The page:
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Aquino government to proceed with drafting of implementing rules and regulations of the Cybercrime Prevention Act of 2012

The Aquino administration would proceed with the drafting of the newly-enacted Cybercrime Prevention Act of 2012's Implementing Rules and Regulations (IRR) saying it is duty-bound to implement the law, a Palace official said on Monday. Presidential Spokesperson Edwin Lacierda said during the regular press briefing in Malacanang on Monday that the executive branch of government cannot suspend the implementation of the Cybercrime Prevention Act of 2012 which took effect on October 3.

"There were plans by the House and the Senate to issue a joint resolution but there has been no movement towards that. So, in the absence of any movement or any effort to suspend the implementation, we, as the Executive branch are duty-bound to implement the law," Lacierda said.

The Department of Justice (DOJ) set a meeting with the stakeholders on Tuesday for the conduct of the consultations regarding the drafting of the IRR of the newly enacted Cybercrime Prevention Act of 2012.

"I understand it’s open to the public. Certainly there will be invitations to the media, to the IT community kasi focus din dito ang cybercrime protection: how does one address the cybercrime provisions and how does one implement those provisions," Lacierda said.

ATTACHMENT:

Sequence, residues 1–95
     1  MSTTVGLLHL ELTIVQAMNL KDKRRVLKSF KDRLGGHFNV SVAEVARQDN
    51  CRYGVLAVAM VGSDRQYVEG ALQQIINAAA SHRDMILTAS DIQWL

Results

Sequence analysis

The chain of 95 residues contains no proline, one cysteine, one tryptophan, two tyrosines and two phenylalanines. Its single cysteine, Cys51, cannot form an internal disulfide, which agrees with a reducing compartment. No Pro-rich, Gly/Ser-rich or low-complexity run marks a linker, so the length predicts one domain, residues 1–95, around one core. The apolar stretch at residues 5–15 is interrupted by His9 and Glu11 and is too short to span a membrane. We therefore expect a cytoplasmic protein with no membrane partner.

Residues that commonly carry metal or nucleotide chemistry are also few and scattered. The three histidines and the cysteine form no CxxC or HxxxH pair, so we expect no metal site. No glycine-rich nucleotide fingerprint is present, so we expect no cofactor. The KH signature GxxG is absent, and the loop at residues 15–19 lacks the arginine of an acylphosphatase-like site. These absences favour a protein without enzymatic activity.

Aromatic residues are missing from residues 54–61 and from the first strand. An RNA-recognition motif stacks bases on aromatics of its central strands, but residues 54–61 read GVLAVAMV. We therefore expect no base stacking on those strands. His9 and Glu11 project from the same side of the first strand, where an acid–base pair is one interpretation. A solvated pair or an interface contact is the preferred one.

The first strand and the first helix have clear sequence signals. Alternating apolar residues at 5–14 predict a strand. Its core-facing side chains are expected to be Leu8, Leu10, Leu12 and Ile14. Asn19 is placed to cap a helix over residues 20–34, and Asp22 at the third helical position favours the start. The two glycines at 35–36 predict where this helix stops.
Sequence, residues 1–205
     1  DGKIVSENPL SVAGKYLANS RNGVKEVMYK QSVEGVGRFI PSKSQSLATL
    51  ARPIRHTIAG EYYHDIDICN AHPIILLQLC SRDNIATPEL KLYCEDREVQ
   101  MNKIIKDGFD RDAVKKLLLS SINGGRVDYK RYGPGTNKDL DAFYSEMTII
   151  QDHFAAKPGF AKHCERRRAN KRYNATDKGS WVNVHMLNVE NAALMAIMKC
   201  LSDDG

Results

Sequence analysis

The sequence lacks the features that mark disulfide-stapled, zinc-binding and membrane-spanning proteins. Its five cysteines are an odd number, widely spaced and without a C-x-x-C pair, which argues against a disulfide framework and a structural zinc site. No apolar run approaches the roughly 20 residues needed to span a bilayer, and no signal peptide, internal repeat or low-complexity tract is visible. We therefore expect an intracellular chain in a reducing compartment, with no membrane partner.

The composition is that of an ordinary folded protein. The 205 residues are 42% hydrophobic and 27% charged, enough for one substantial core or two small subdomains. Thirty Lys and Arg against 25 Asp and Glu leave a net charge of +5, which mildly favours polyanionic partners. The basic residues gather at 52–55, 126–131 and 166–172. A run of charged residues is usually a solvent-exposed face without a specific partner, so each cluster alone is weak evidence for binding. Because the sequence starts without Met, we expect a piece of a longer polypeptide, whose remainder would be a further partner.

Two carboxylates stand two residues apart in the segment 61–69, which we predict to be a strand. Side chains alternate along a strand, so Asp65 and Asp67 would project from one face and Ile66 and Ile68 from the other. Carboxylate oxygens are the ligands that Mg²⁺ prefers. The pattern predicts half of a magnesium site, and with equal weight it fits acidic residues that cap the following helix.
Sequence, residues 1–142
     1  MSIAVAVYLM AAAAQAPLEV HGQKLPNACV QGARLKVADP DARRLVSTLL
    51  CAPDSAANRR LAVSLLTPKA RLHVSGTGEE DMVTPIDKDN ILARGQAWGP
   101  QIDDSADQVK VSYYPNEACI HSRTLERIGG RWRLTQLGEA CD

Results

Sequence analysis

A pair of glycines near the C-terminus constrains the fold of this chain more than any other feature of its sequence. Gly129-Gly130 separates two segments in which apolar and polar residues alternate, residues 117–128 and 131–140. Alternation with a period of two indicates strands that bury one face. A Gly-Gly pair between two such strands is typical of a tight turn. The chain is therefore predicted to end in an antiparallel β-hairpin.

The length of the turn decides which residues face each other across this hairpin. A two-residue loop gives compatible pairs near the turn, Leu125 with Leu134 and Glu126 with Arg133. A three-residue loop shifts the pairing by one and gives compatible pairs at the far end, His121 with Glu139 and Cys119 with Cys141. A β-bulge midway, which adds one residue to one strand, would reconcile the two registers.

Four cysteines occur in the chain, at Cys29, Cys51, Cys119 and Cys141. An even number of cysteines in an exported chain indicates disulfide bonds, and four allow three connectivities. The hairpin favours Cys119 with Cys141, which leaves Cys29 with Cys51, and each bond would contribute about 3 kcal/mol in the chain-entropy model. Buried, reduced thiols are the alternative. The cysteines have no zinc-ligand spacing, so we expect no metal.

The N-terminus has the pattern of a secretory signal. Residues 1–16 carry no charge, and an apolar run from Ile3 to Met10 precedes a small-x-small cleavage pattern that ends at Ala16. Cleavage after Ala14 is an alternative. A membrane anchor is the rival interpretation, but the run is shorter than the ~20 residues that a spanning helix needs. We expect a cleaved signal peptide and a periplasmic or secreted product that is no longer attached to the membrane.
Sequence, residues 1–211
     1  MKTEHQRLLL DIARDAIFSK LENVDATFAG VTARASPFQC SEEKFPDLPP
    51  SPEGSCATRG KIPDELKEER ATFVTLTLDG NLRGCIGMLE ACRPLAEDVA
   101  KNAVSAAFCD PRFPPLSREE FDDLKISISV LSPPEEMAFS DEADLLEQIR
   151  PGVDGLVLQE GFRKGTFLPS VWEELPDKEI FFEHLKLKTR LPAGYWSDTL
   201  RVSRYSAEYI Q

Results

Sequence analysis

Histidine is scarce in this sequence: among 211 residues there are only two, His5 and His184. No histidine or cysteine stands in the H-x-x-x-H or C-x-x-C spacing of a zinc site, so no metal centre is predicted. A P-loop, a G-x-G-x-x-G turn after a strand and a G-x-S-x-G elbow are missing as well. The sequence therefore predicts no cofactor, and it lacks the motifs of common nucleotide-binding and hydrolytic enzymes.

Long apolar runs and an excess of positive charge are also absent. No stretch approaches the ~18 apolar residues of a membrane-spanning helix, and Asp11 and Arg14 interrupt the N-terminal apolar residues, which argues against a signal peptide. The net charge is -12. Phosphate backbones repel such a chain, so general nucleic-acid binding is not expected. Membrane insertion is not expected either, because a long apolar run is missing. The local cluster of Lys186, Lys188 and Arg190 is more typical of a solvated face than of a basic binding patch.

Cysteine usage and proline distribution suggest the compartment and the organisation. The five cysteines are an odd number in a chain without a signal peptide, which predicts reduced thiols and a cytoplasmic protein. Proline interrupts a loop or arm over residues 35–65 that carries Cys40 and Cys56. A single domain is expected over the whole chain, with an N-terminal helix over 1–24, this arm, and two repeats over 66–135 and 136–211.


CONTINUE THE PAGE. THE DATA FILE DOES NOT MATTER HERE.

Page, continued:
Lacierda reiterated that the government would not suppress the freedom of the press or freedom of expression and remains committed to uphold the civil liberties as guaranteed by the Constitution.

The Cybercrime Prevention Act was enacted by Congress to address the legitimate concerns about criminal activities on the Internet and the effects of abusive behavior, according to Lacierda.

The law aims to protect the public against hackers who deprive anyone of access to the Internet or to suppress civil liberties as exercised online," Lacierda said.

He also said that the government has taken measures against hackers who have engaged in online vandalism, depriving the broader public of access to much needed government information and services online.

Lacierda also noted that the government also recognizes the rights of the individuals who are maliciously maligned on-line.

"The subject of libel is already found in the Revised Penal Code. Never at any time did the Supreme Court rule that libel was unconstitutional," he stressed.

"Bottom line is: Can one sue a person for libel on print, on radio, on TV and then exempt cyberspace if one writes something libelous? ‘Yun lang naman talaga ang sinasabi ni Presidente," he said.

Source: Presidential Communications Operations Office (PCOO)

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